The Untold History of the United States
By Oliver Stone and Peter Kuznick
Simon & Schuster, 750 pages, $35
Oliver Stone, the lion of left-leaning popular culture in America, has done it again.
In the U.S., patriotic hearts are seething and patriotic teeth are gnashing.
In this polemic, the film director who gave the world Platoon, The Fourth of July and Wall Street has gone all out to convince Americans they don't know who they are, where they've been, or where they are going -- and that they'd better find out.
Fast, before it's too late to change. The book also answers the poignant question bewildered Americans asked after the shock of 9/11: why do they (strangers on the other side of the globe) hate us?
Stone, along with eminent historian Peter Kuznick, produced this 750-page volume as a companion to their 10-part documentary film series of the same name. It was introduced on Showtime in the U.S. late in 2012, and has aired in eastern Canada on premium cable, but is not yet scheduled for release west of Ontario.
Together, the two works "challenge the basic narrative of U.S. history... of American altruism, benevolence, devotion to liberty and justice," a myth Stone says is consoling and comforting, but only a small part of a much larger story, and one that is "harmful, noxious and polluted" leaving Americans in the dark and incapable of meaningful action.
Stone and Kuznick's bold counter-narrative actually covers much of the same ground as the late Howard Zinn did earlier in A People's History, but with infinitely more resources and much longer reach. Given Stone's proven power to capture and popularize the unthinkable (think JFK) the resulting cries of bias, propaganda, socialist drivel, etc., can be no surprise.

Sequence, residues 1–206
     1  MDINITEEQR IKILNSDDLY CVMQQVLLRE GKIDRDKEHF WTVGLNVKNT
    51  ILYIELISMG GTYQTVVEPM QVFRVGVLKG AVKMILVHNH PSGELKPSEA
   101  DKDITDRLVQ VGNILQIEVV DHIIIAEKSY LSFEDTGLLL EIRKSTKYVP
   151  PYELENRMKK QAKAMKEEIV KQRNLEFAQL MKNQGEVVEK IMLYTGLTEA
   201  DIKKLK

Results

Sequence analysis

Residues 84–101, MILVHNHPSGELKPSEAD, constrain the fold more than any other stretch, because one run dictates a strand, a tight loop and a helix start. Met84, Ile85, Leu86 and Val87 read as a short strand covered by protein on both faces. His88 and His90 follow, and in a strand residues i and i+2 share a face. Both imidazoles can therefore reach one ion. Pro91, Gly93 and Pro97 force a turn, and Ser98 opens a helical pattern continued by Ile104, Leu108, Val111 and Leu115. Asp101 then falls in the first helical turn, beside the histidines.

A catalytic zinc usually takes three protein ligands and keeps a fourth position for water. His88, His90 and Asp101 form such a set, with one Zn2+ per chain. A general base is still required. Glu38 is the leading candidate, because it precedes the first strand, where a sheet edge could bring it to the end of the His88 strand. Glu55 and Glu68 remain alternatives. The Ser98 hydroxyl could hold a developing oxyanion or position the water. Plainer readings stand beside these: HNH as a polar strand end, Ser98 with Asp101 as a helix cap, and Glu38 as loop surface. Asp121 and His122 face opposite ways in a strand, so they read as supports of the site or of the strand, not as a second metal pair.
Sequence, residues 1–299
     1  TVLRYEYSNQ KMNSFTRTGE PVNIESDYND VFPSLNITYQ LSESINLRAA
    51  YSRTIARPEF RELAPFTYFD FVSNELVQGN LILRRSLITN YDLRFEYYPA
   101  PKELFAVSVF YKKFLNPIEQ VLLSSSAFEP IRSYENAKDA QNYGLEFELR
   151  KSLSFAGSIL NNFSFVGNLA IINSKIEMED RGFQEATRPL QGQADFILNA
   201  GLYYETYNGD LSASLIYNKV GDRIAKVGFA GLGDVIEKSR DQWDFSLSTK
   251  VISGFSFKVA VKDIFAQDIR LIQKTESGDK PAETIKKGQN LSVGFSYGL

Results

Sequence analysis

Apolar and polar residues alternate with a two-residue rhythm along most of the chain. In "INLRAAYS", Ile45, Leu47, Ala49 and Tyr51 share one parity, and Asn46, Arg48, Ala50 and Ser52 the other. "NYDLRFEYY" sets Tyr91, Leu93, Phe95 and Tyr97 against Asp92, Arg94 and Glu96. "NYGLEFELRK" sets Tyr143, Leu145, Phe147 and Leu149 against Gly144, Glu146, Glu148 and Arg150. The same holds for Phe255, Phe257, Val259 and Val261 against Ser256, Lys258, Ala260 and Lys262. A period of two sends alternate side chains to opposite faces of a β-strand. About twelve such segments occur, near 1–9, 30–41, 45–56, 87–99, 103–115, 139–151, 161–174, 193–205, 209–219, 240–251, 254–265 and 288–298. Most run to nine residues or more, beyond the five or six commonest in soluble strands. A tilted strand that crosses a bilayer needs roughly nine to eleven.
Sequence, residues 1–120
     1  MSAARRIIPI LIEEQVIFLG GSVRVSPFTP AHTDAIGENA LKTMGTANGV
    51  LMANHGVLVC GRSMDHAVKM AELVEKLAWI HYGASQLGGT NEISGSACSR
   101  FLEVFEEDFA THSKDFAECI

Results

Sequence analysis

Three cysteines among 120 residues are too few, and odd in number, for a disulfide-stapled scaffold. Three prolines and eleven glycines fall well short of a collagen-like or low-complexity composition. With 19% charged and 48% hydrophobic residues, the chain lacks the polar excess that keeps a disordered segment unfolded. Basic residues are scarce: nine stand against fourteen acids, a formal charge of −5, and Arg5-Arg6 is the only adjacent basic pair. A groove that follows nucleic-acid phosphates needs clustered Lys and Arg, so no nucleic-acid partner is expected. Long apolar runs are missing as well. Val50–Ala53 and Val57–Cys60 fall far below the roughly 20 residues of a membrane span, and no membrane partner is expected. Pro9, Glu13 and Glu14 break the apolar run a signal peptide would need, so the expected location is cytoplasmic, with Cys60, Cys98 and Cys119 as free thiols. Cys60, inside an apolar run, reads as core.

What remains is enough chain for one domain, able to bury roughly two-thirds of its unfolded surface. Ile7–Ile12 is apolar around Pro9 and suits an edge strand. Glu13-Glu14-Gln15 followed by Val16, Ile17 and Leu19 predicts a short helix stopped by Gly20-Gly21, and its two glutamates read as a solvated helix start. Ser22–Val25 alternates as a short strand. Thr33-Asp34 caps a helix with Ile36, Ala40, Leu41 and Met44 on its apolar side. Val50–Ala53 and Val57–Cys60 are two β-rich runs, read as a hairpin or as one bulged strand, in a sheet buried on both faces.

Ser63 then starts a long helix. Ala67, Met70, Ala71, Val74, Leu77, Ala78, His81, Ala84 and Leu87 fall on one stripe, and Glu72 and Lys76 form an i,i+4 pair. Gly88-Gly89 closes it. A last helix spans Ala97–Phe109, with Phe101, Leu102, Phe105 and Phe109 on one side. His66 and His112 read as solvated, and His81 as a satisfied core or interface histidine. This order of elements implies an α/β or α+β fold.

But Stone and Kuznick say the facts stand. Defending their work, they note that they not only checked the facts, they checked the fact-checkers as well, and hired only the politically antiseptic variety.
The facts, alas, read like the devil's checked-off to-do list. They include the unnecessary and indefensible atomic bombing of Japan in the Second World War, the secret funding of Islamic extremists, the overthrow of countless democracies, the assassination of unacceptable leaders, flaunting international law, and imposing poverty on millions in pursuit of oil or trade supremacy.
As many critics have said, these things are not entirely untold, in fact, since 9/11, they have become part of conventional wisdom, at least outside of the U.S.
Stone and Kuznick agree, but add that the truth has not been told in the right places at home: movie screens, schools, churches, and the local newspaper.
Stone describes U.S. media as "a giant missile shield."
Canada, whether as historical victim, opponent or accomplice, is scarcely mentioned.
Among the enthusiastic and vocal readers of The Untold History is Mikhail Gorbachev, who has praised it for its comprehensive overview of foreign policy. "At stake," he responds," is whether the U.S. will now choose to be the policeman of a 'Pax Americana,' which is a recipe for disaster, or partner with other nations on the way to a safer, more just, and sustainable future."
Stone writes that many of his compatriots have lost the ability to imagine a world that is different from, and better than what exists today. It is for them that The Untold History was written.
Whether it can fight its way past the initial deluge of denial, and into their hands, only time will reveal.
Lesley Hughes is a Winnipeg-based writer and broadcaster.